A rare evening with Denmark’s favorite son

PSU Theater Arts will stage an ambitious production of Shakespeare’s rarely performed 1603 quarto “Hamlet,” opening Thursday, May 19 in Lincoln Hall.

PSU Theater Arts will stage an ambitious production of Shakespeare’s rarely performed 1603 quarto “Hamlet,” opening Thursday, May 19 in Lincoln Hall. Sixteen student actors, under the direction of PSU Theater Arts Department Professor Karin Magaldi, will perform daily from May 19 through May 28.

Professor Magaldi explained what makes the 1603 quarto distinct from the canonical “Hamlet.”

“It’s fast, it’s very theatrical and it’s less philosophical,” said Magaldi. “It’s a modern dress version, but we aren’t changing the words. The language of this first quarto, however, does sound very modern.”

Three early editions of the “Hamlet” text survive: the first quarto of 1603, the second quarto of 1604 and the first folio, which was published in 1623, following Shakespeare’s death. The first quarto contains roughly half the text of the later second quarto, but as Magaldi explained, the earlier text distinguishes itself beyond its brevity.

“When the first quarto was rediscovered in 1823, people were really excited about it,” Magaldi said. “Many people initially believed that it was a first draft. It gained a reputation as ‘the bad quarto’ for many years, because it lacked the poetry of the first folio, and a lot of the famous soliloquies aren’t included. Eventually, some scholars began to suspect that this first quarto was actually a touring version that was taken on the road for performances at Cambridge and Oxford. The version of ‘Hamlet’ that people are used to seeing is a conflation of the second quarto and the first folio, and is five hours long. Five hours of ‘Hamlet’ doesn’t speak to an audience the way that something like this does.”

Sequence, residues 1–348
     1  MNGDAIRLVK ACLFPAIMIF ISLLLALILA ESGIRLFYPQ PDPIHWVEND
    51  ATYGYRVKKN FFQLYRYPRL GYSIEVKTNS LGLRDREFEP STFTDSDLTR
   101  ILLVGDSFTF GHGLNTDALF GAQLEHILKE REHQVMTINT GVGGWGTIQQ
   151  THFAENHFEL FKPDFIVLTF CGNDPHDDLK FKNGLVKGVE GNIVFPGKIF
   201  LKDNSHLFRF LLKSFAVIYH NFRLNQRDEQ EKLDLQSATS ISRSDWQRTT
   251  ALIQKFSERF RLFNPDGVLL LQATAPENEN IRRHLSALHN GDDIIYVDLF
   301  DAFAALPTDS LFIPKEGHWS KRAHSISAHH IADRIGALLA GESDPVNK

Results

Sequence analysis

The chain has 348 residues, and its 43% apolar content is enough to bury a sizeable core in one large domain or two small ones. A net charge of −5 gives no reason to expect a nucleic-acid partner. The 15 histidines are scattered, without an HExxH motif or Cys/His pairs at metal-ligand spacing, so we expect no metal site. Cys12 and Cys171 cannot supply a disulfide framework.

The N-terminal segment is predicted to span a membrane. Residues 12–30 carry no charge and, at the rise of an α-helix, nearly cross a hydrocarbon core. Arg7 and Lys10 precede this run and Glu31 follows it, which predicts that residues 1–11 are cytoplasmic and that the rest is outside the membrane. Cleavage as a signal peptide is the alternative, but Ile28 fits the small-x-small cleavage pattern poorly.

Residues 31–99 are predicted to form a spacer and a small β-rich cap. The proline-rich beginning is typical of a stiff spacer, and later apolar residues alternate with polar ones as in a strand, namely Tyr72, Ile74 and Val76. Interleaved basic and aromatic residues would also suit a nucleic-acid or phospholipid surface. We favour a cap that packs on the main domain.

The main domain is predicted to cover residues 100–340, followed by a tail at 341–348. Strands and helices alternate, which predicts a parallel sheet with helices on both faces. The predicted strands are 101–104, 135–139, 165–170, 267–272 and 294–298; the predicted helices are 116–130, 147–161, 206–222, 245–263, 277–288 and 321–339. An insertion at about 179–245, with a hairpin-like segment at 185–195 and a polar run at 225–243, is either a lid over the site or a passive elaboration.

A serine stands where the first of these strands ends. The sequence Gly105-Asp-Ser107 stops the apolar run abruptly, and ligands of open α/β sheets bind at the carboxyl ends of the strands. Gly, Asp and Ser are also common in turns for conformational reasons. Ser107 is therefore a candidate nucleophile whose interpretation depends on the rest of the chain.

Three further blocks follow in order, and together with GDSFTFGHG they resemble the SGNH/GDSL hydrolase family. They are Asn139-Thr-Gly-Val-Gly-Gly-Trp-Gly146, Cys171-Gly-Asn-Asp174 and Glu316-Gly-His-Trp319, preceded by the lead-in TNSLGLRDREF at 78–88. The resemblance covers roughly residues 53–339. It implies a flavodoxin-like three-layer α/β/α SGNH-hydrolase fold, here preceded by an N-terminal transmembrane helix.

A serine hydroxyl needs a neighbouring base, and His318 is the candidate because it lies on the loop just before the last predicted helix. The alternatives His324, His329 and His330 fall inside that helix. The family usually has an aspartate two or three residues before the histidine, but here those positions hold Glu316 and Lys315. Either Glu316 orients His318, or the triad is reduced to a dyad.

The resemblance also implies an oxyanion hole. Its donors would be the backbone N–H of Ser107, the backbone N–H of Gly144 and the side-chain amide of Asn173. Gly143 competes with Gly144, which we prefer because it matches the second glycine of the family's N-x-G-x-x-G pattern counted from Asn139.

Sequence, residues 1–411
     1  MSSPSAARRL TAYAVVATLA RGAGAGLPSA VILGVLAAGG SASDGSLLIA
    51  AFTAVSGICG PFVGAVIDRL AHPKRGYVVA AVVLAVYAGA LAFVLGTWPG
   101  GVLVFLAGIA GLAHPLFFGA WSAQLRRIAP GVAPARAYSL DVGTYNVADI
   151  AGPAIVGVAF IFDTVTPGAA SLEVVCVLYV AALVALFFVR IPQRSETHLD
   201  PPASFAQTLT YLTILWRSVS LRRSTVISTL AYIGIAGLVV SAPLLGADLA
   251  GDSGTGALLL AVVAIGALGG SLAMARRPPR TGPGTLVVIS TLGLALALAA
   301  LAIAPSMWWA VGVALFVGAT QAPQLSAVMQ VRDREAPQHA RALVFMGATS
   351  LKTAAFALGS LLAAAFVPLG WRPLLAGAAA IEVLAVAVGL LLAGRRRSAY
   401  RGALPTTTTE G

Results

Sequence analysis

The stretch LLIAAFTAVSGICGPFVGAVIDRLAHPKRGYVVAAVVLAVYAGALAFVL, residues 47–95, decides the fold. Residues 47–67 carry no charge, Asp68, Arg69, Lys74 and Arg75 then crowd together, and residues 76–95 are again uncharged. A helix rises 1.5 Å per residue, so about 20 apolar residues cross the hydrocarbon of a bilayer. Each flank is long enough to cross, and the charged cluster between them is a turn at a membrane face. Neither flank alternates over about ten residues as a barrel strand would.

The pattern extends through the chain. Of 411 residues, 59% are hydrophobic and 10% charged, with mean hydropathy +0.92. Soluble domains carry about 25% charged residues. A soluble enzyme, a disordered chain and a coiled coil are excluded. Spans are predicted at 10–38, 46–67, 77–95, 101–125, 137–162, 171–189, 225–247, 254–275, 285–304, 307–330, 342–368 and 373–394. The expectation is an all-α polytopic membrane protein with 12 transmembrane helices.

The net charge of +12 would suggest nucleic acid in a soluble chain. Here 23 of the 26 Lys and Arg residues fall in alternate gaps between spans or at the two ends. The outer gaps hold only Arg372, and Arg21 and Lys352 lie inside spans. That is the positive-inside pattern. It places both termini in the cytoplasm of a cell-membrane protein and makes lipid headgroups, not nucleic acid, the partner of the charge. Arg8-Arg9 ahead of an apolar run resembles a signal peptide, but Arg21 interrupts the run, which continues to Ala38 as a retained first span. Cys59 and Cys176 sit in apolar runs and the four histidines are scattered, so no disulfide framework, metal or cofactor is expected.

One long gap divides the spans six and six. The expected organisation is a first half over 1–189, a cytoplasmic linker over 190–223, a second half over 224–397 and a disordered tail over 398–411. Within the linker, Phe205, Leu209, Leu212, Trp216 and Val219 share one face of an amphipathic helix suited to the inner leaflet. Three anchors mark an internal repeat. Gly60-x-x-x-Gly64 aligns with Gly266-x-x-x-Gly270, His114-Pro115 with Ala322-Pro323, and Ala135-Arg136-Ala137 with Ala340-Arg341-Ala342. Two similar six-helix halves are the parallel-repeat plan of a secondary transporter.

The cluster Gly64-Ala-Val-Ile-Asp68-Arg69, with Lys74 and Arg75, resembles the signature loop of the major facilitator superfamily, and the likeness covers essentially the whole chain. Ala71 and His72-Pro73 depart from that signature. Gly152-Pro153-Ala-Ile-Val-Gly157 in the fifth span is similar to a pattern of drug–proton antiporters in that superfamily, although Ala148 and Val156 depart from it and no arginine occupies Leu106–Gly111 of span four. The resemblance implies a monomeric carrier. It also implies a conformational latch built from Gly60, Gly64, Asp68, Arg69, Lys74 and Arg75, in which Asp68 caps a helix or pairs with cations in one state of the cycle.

What the 1603 quarto “Hamlet” lacks in poetic lyricism, it makes up for in theatricality, action and historical insight. Unlike the other “Hamlet” texts, this quarto was discovered with stage directions that have given scholars unique insights into theater practices of Shakespeare’s day. While it runs shorter than the canonical “Hamlet,” the 1603 quarto contains a scene not found in other editions of the play, and benefits from greater coherency in plot sequencing. This is a “Hamlet” that is at home on the stage, not in a library.

“It’s kind of exciting,” Magaldi said. “This text works very well theatrically. It may not work as well in terms of literature, but as theater it’s fantastic. There’s a raggedness and rawness to it that tells the audience so much more about the characters.”

While the 1603 quarto “Hamlet” has been often maligned by Shakespeare scholars for its less poetic elements, recent scholarship has revealed deeper structures in the major speeches that suggest great artistry. The mutual artistic and academic passion that Shakespeare continues to inspire is one source of inspiration for Magaldi in bringing this seldom performed “Hamlet” to PSU students.

“I think a performance like this at a university is very exciting,” Magaldi said. “Students will be able to see a lot of things that may escape them in the literature. They’ll be able to get a sense of how theater might have been in Shakespeare’s time, and see how they weren’t only concerned with poetry, but with theater as well. This production is extremely theatrical, and moves very fast. It goes like a house on fire.”

In addition to the 16-student cast and Director Karin Magaldi, the production features the work of lighting and set designer Bruce Keller, as well as a composer, costume designer and even a fight choreographer.

The PSU Theater Arts production of “Hamlet,” quarto 1603, will be staged in the recently remodeled Lincoln Hall.

“The building was just redone,” Magaldi said. “It’s quite a wonderful space, and so far all the technical aspects work really, really well. We’re actually using a revolve for this play, which we rarely do. The stage will actually move while the actors are walking through it, which really brings it alive. We have fights, swordplay, all the bells and whistles. It’s very exciting.” ?